By way of background, I think I first started speaking about legal ethics rules for web pages back in 1996 or 1997, so I have some history on these topics. I think that the web page rules evolved in a fairly straight-forward way, with a few standard requirements, usually being the placement of some disclaimer language.
What concerns me is that there appears to be a trend of not treating blogs under the web page rules, as would be logical, amd instead treating them as some new kind of animal.
Personally, I see the debate from the academic viewpoint. My blog is, as I say repeatedly, an experiment in writing. It has nothing to do with my legal practice – ask the legal marketing people if they recommend writing about Metallica documentaries and NASCAR to advertise a legal practice. To the extent I use my blog to promote anything, I promote my speaking and consulting businesses.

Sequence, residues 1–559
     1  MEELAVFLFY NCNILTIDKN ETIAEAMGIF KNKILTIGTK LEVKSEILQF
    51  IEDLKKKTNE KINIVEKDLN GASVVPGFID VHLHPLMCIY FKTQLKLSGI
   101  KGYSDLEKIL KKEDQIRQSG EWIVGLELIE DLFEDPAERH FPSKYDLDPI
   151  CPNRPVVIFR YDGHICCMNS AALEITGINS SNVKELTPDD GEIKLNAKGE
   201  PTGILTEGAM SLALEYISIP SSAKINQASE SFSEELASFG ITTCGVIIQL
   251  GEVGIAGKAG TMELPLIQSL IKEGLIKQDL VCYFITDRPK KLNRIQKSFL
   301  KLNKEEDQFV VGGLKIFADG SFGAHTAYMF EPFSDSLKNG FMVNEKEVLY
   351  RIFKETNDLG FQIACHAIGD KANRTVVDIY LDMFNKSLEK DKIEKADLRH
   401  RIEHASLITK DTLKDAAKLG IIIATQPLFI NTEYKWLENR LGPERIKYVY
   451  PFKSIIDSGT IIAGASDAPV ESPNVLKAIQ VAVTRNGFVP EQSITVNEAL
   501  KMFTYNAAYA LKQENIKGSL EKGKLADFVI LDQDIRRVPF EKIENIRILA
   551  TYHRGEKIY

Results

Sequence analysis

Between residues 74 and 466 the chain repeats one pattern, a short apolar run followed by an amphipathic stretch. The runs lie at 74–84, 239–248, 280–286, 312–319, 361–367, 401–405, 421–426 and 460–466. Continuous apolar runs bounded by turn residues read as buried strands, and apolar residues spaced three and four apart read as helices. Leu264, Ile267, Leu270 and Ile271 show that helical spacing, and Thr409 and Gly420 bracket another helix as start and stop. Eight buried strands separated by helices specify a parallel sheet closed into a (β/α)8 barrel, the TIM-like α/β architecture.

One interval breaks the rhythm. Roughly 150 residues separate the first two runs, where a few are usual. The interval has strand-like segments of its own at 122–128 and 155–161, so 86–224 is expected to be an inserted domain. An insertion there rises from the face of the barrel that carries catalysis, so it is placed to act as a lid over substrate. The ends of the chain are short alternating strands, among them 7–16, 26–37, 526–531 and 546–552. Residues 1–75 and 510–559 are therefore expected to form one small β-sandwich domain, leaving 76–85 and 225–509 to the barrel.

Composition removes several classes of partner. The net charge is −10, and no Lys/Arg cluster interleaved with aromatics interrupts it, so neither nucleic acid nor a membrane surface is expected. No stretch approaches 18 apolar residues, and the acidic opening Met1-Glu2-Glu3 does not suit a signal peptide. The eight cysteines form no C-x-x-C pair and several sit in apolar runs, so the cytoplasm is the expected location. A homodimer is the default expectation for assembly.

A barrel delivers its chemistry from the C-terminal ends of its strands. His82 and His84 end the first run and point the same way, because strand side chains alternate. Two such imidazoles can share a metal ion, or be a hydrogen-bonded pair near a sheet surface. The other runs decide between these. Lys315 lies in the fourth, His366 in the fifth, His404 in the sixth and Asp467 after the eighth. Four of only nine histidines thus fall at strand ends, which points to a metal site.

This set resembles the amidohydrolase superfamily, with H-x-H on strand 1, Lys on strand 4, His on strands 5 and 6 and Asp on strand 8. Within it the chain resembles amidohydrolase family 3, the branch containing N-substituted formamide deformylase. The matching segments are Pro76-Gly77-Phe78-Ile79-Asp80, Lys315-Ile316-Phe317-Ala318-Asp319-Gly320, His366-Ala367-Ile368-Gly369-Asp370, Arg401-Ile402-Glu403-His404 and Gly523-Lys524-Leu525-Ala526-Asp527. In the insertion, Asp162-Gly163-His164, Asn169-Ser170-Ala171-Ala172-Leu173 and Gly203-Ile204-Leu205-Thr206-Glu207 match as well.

In fact, lately I have done all my law-related posts to Between Lawyers, which is an educational and, hopefully, an entertainment vehicle, not a law practice marketing or advertising vehicle.
Some people do not understand why I have taken this approach. Allow me to illustrate. At the recent Missouri Solo and Small Firm Conference, I had a discussion with the main education specialist for my legal malpractice carrier about whether a Missouri lawyer may do legal work for non-Missouri clients under the current or future multi-jurisdictional practice rules. Most lawyers will know what the answer was.